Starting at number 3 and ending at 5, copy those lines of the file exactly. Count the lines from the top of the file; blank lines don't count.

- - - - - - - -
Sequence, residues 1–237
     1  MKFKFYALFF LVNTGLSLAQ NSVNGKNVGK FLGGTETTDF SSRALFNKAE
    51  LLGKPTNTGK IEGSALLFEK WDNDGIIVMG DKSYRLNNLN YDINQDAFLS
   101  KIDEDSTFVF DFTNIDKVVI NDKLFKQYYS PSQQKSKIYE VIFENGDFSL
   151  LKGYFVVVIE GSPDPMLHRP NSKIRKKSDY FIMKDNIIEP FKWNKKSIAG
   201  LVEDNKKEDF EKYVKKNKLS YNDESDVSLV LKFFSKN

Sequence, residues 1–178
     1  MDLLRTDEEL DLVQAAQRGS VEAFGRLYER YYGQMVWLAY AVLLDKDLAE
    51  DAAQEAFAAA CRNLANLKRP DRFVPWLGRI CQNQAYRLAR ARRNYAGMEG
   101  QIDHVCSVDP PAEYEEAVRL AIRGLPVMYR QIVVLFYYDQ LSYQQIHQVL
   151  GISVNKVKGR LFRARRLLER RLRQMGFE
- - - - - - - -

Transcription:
    51  LLGKPTNTGK IEGSALLFEK WDNDGIIVMG DKSYRLNNLN YDINQDAFLS
   101  KIDEDSTFVF DFTNIDKVVI NDKLFKQYYS PSQQKSKIYE VIFENGDFSL
   151  LKGYFVVVIE GSPDPMLHRP NSKIRKKSDY FIMKDNIIEP FKWNKKSIAG